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ETpro's avatar

My ISP is IPv6 capable now. Is yours? [See details].

Asked by ETpro (34428points) June 6th, 2012

Today; June 6, 2012; a large number of Internet Service Providers around the world upgraded their networks to IPv6 capability. The technology has been around now since around 2000. It was developed to cope with the shortage of IP addresses in IPv4 number space.

Internet Engineers have known for years now that the IP address system of IPv4 would soon run out of IP address numbers. The last blocks of several million addresses were assigned last year to the Domain Registrars that parcel them out. The IPv4 system uses 32 bit binary numbers, usually written in human-readable notation such as (’s IP address). That allows for a paltry 4,294,967,296 addresses, which means that only 4 out of every 7 living human beings today could have their own IP adderess.

IPv6 resolves the number space restriction by switching to 128 bit numbering, with IP addresses looking like 2001:db8:0:1234:0:567:8:1. This change allows for a staggering 340,282,366,920,938,463,463,374,607,431,768,211,456 (3.4×10^32) addresses. That’s enough for every one of the 7 billion humans on Earth to have roughly 48,600,000,000,000,000,000,000,000,000 Web sites for themselves.

The new IPv6 system has so much address space it seems as if it will suffice even if we spread into space and discover other intelligent life in need of IP addresses. But of course, back in 1989 when the engineers at CERN were developing the concept of the World Wide Web, a 32 bit number seemed ridiculously large.

Has your ISP made the switch? Do you think IPv6 will last a lifetime, or will we be upgrading to IPv8 with 256 bits at some point in the foreseeable future?

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7 Answers

elbanditoroso's avatar

I’m with comcast, and they say they have made the switch. But my cable model is still giving me a IPv4 assignment, and my router isn’t ipv6 capable, so there’s no real difference.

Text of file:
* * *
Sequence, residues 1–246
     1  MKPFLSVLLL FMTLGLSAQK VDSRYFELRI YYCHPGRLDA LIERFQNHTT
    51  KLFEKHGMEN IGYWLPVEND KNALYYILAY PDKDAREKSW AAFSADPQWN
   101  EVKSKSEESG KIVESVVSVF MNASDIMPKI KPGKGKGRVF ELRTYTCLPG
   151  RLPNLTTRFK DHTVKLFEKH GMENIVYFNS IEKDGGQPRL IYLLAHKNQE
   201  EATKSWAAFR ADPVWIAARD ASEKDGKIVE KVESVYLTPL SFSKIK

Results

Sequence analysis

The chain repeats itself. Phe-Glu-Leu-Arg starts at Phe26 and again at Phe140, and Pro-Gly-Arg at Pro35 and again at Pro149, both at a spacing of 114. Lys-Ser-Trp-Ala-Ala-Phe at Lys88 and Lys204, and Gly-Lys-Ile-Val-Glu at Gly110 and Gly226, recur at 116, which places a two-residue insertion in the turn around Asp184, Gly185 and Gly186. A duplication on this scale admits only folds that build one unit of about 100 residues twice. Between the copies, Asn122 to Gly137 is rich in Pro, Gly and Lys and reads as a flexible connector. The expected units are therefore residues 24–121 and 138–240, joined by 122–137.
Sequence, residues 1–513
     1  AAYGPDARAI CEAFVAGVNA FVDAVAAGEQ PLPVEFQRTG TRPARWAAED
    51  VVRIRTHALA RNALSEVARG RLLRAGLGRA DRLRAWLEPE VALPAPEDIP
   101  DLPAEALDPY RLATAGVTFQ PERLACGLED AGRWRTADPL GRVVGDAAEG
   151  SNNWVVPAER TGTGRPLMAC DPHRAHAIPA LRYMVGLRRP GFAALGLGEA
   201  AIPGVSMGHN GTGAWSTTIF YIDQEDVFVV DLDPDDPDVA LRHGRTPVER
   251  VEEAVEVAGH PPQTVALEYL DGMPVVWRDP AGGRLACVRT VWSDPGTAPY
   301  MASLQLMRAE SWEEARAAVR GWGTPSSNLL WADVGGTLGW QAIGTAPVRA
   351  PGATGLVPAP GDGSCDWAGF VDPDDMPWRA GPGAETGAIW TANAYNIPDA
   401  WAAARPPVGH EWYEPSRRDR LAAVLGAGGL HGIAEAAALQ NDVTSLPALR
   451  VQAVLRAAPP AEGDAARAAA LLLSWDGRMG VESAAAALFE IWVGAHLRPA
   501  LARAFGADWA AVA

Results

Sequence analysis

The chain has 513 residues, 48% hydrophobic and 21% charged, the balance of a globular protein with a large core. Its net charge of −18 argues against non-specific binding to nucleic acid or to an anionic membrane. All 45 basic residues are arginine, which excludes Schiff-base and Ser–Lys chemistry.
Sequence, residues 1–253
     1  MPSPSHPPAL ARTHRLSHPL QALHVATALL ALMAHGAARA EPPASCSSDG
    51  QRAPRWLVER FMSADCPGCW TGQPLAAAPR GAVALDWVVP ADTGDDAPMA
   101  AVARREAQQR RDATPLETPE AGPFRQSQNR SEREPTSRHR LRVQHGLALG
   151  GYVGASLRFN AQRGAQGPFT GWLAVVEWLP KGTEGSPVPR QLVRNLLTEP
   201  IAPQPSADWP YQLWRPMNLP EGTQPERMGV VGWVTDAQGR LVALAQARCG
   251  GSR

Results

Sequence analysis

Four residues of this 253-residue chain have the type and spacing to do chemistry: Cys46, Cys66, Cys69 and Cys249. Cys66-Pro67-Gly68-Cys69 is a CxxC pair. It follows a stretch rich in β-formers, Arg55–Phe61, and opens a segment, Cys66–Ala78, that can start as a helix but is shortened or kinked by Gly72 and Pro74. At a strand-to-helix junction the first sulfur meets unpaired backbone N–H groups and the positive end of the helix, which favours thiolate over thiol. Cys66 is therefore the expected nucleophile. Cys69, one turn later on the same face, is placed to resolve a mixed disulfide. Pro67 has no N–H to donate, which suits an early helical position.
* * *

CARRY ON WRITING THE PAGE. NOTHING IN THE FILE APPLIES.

Eventually it might change, but for me, no big deal.

mattbrowne's avatar

They said it would be switched at 2 pm central European summer time, which was about 6 hours ago. Trouble with some routers or very old operating systems could occur. In my case nothing happened. Everything runs smoothly. I actually don’t know whether my ISP Deutsche Telekom made the switch. I would assume it did. Yes, IPv6 will last a lifetime. It will take a while for all colonists on Ganymede and Titan to have their Java-based toasters connected to the Internet. We need to expand beyond the solar system to run out of addresses.

flutherother's avatar

I’ve only got a link-local IPv6 address. I know that IPv6 will run out of addresses some day. Don’t ask me how I know but it will.

wundayatta's avatar

Yeah, well my ISP has been on the case for over a week already:

Comcast Achieves World IPv6 Launch Milestone
Monday, June 4, 2012

When Comcast decided to participate in World IPv6 Launch, we committed to enabling at least 1% of our customers with IPv6 by June 6, 2012. We are happy to report that we achieved this goal a few days ago, on May 24, 2012, and the number of customers enabled with IPv6 continues to grow every day! See the details on our blog.

jerv's avatar

My ISP has, but that doesn’t do me much good since I failed the IPv6 test. (There is a slightly simpler one here)

Looks like it’s time to upgrade some stuff :/

Brian1946's avatar

Thanks for the test link, @jerv.

According to my results, “It looks like you have only IPv4 Internet service at this time. Don’t feel bad – most people are in this position right now. Most Internet service providers are not quite yet ready to provide IPv6 Internet to residential customers.”

My ISP is AT&T.

ETpro's avatar

@jerv Same here. Comcast, my ISP, has upgraded but my router is using Teredo Tunneling and still fails. Time for some upgrades.

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